I take back everything I said about autumn being my favourite time of year. I want the warmth back. It's been so unbelievably cold for the past few days and no clothing seems to be thick enough to stop the icy cold wind. I hate cold weather. But I do love being able to wear thick woollen jumpers once again. And scarfs. And woollen socks. And drinking tea under a blanket. Kildare scarf , Honey Cap , Stonecutter Sweater and   Gloaming Mittens

Two Weeks Overdue...

After what felt like an epic amount of yarn tails to weave in, it's now finally ready. Magnus's birthday was two weeks ago and I only finished the sweater - his birthday present - yesterday late in the evening. I would have finished sooner if I hadn't knitted the Aurora scarf, or the Hutchin hat or needed to redo the first sleeve not once but twice (first too wide, then waaay too long) and add a ribbing to the bottom of the body. Or if I hadn't messed up the seaming on the sides only to laborously take the pieces apart and start again. Did I tell you about the rookie mistake? No? I sewed the other side panel inside out: the first one was right with the purl side showing and seams on the inside, the other had the seams on the outside and knit-side outwards... But it's ready now, so phew! Now I just have to get the mister to pose for some photos :) 

Tinker Tailor Soldier Spy by John le Carré.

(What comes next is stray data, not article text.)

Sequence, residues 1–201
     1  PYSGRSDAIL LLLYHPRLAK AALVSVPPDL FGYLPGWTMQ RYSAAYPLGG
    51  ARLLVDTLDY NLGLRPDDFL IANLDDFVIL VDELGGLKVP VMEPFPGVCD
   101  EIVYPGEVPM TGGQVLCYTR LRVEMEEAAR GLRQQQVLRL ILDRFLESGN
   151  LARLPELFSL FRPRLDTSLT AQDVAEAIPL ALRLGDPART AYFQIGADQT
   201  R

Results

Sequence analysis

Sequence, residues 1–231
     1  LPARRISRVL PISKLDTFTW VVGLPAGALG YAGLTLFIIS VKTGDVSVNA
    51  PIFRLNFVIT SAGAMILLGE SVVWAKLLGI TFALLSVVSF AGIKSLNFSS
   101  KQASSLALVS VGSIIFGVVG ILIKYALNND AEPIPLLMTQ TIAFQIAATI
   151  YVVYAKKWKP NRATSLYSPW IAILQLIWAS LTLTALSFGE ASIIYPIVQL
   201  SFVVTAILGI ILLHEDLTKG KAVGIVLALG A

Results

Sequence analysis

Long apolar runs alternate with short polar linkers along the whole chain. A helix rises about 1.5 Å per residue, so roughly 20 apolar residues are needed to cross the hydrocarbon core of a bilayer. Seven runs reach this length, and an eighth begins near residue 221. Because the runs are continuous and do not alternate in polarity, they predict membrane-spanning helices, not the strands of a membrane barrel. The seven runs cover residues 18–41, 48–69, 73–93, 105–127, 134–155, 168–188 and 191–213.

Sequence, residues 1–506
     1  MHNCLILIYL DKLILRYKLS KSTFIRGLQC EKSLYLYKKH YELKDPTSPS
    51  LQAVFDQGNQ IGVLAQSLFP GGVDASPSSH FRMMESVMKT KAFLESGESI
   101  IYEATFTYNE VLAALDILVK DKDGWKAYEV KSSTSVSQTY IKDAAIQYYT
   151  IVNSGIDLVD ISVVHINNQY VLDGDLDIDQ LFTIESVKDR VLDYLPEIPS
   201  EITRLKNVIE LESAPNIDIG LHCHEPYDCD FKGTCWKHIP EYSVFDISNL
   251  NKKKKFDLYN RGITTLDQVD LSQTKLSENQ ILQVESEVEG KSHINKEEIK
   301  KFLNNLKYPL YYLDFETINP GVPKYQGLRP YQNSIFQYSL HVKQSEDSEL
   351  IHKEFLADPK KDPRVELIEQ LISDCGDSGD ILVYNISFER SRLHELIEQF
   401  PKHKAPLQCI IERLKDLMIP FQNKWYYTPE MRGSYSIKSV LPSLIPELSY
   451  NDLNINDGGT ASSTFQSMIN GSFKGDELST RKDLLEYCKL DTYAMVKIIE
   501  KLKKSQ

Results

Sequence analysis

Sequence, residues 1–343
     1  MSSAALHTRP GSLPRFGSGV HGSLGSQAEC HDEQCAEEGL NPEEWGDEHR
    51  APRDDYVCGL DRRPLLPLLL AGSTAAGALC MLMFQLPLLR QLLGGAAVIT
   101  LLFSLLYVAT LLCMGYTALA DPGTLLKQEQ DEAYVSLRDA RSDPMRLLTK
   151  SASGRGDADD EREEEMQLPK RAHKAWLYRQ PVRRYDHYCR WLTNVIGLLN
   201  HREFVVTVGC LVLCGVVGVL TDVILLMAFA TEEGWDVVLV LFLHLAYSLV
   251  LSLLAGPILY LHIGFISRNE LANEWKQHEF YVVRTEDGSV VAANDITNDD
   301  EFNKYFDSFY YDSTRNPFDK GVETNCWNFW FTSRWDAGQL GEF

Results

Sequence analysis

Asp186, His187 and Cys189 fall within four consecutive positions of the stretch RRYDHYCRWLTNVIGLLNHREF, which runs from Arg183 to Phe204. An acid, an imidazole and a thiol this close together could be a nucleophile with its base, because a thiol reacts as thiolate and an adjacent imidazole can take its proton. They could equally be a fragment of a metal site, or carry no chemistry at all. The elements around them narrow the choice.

For such a small book this was a really slow one to read. It was written in a way where every word counts and you had to read every sentence really carefully to understand the plot. I often found myself reading and rereading one or two sentences or paragraphs over and over again because I was tired, my mind wandered and I couldn’t keep my thoughts together. I usually read before going to sleep and I seldom could finish more than a few pages of this book before I started to feel too drowsy to concentrate. I’m not a big reader of suspense novels; especially spy thrillers are quite an unfamiliar genre to me. This was actually the first book by John le Carré I’ve ever read, even though the author is well-known. The book belonged to my father but for some reason he had two copies of it, so he gave the other one to me along with some other old books of his, such as the James Bond novel From Russia with Love by Ian Fleming amongst others. All the while reading the book I had the s

A New Favorite: Apple and Blueberry Pie.

I got at least 10 kg of apples from my co-worker. She has 8 apple trees and apparently this has been a good year for apples: she said she's literally drowning in them. I was just happy to get some, since we live in an apartment and don't have our own trees. Another reason why I happily accepted the apples was that a few days earlier Magnus's father (who is usually my source for berries, rhubarb, plums and other home-grown produce) called and said he didn't really have apples to offer this year: they had been infected with monilinia which makes the apples rot in the trees.  This weekend has been apples galore at our place and I've been cooking apple mush by jarfuls. I also made three (yes you read correctly, THREE) different apple pies. And no, we won't eat them all at once (even though I would like to). I've been slicing them into smaller portions and putting them into the freezer to take out and warm whenever we feel like having a sweet treat with